galaxy note 7 display copy

galaxy note 7 display-2 copy galaxy note 7 display-3 copy

Like in the camera department we are about to talk about, Samsung is only expanding its lead in the display department. With the Note 7, thanks to the dual edge setup, you get a phone that not only appears to be as edge-to-edge as you can get, it also feels incredibly smooth and fluid to the touch as the glass cascades over each edge, plus everything looks as if it’s floating. It’s a wonderful effect and is easily the best implementation of an edge display to date.

Now, the edge setup can be a bit of a nuisance at times, with Android’s slideout menus being finicky to grab on occasion. The closeness to the edge of the phone leads to plenty of accidental touches from the palm of your hand that you may not have wanted, as well. Honestly, I don’t know that I’ll ever love an edge display, but this is my favorite so far because it isn’t as drastic as previous versions.

On a related note, Always-on Display is back and better than ever because of a single change that should have been there from day 1. I’m talking about the fact that Always-on Display, which constantly shows you the time, date, and battery status of your Note 7, now also shows you notification icons for each notification sitting just beyond your lock screen. On the S7 and Edge, it only showed you missed call and text notifications, but this change now lets you stay fully in-tune to the status of your phone.

galaxy note 7 review

Camera

I think I’m at the point now where it would be really tough to live without a Samsung phone because I don’t trust anyone else’s cameras. Sure, other smartphone makers are putting decent shooters in their phones that stomp all over phones from years past, but Samsung is just on another planet here. I hate to sound so overly positive and fanboyish about the cameras in Galaxy phones, because you always try to find flaws and hope that one company isn’t running away with the industry. Yet here is Samsung, doing just that in the smartphone camera department.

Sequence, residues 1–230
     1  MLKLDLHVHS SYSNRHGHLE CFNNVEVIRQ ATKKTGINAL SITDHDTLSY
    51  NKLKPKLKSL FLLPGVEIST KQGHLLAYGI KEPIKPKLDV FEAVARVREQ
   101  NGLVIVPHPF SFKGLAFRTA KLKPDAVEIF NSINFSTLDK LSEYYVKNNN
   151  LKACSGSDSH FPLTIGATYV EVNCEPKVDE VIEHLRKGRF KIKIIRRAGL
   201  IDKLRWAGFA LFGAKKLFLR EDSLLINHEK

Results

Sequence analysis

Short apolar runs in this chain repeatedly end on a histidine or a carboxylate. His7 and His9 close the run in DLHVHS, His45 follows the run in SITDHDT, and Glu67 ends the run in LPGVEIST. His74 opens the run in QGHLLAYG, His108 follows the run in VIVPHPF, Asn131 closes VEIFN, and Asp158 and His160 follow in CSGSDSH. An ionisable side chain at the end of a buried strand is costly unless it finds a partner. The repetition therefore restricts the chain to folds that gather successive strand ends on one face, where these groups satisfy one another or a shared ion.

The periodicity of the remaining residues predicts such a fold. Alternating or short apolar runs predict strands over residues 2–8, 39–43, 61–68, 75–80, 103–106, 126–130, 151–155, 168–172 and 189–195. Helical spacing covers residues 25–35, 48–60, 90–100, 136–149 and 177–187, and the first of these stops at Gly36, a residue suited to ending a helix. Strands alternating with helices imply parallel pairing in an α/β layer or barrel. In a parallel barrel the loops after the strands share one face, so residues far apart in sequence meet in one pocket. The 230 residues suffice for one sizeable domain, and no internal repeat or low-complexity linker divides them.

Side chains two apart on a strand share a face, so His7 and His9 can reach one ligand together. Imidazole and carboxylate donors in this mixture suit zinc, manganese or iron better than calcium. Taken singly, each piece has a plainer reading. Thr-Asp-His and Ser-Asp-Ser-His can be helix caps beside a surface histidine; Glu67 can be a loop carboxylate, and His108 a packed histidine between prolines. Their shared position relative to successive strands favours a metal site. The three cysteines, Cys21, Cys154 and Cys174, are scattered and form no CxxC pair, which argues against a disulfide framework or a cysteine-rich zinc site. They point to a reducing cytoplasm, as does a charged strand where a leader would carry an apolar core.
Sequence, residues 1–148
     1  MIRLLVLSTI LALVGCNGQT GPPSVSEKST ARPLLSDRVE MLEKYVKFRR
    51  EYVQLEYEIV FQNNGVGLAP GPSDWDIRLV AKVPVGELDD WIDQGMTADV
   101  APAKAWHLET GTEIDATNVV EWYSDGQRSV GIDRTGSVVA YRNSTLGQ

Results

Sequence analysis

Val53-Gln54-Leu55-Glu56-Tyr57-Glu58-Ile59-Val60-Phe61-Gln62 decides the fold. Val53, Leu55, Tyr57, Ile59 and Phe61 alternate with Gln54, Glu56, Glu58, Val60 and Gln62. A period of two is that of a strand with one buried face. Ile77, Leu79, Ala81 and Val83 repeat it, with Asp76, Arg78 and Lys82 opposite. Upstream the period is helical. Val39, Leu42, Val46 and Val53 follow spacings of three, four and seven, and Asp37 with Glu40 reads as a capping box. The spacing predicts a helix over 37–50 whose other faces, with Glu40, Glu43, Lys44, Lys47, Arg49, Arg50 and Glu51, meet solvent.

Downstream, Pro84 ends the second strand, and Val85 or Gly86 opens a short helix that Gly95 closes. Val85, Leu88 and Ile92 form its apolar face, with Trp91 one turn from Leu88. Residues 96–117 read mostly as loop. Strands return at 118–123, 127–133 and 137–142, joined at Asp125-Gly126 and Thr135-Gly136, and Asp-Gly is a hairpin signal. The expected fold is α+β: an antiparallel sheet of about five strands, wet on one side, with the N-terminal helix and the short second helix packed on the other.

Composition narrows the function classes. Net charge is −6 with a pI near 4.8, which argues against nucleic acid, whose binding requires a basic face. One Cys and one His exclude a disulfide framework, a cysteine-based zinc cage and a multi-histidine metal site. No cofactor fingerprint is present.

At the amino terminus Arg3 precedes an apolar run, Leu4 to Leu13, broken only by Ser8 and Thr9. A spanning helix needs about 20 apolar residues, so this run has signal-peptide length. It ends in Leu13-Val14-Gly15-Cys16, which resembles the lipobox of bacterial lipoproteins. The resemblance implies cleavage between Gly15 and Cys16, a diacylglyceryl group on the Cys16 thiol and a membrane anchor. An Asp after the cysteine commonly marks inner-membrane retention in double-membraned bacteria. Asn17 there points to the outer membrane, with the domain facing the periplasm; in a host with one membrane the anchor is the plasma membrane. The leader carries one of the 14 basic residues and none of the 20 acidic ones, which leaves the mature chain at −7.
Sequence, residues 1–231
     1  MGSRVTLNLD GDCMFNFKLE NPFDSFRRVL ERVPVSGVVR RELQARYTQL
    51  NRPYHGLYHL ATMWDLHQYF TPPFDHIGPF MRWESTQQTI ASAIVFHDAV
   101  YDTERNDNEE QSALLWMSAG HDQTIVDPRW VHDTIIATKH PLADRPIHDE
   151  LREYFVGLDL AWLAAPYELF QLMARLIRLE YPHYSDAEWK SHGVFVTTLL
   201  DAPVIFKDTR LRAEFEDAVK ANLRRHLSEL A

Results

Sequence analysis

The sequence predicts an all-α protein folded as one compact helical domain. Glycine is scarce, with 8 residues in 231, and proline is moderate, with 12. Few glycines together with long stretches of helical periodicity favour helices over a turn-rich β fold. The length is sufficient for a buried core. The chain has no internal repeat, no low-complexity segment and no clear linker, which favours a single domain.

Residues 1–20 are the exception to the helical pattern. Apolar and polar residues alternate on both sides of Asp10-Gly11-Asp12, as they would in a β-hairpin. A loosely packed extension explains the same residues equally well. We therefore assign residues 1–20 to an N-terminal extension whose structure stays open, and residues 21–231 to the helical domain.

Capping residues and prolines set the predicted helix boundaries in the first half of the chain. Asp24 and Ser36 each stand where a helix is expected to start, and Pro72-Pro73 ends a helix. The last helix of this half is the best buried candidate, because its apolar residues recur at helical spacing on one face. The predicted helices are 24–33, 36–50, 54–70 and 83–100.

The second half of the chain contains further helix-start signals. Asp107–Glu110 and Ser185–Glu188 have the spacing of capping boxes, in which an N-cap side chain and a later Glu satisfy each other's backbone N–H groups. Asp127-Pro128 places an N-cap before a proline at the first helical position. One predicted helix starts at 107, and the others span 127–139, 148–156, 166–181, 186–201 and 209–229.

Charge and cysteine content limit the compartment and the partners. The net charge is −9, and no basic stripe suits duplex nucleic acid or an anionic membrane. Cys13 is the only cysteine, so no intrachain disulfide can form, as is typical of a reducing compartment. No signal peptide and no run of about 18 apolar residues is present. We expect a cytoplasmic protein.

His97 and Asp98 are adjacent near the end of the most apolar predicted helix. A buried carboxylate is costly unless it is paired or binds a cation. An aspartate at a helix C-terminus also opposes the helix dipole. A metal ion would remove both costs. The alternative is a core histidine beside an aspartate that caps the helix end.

On the Note 7, Samsung is introducing a new camera UI that is still simple, but does now require swipe gestures to get to new areas. In the past, you always had buttons to press to get into effects or other camera modes. However, on the Note 7, you need to swipe in from the left (modes) or from the right (effects) to switch it up. That may take some getting used to for long-time Samsung fans.

Otherwise, the UI still includes all of the robust features you could ask for in a modern day smartphone camera. You can launch the camera quickly with a double tap on the home button, go into a full Pro mode, shoot panoramas, live broadcast your happenings, adjust resolution of your photos, shoot 4K video, record Motion Photos, and even voice control your selfies.

galaxy note 7 camera ui-5 galaxy note 7 camera ui-4 galaxy note 7 camera ui-3 galaxy note 7 camera ui-2 galaxy note 7 camera ui

As for the results, you know what to expect. This is a Samsung camera of the 12MP Dual Pixel variety and it is still the best in the business. To take great pictures, you just point and tap, point and tap, point and tap, just like you did on the S7. The camera here is insanely quick to launch, focus, and snap, leaving you little room for error. This is one of those cameras that can make bad photographers good.

The camera is excellent in good light, the best in low light, awesome with macros or landscapes or portraits, and an absolute pleasure to use each and every day. With a smartphone camera, you want one that can be relied on time and time again and that’s exactly what you get with the Note 7’s camera.

note 7 camera samples

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note 7 camera samples-9

note 7 camera samples-14 note 7 camera samples-12 note 7 camera samples-11 note 7 camera samples-10 note 7 camera samples-5

note 7 camera samples-7

note 7 panorama

To download the full resolution files, grab this file.

Specs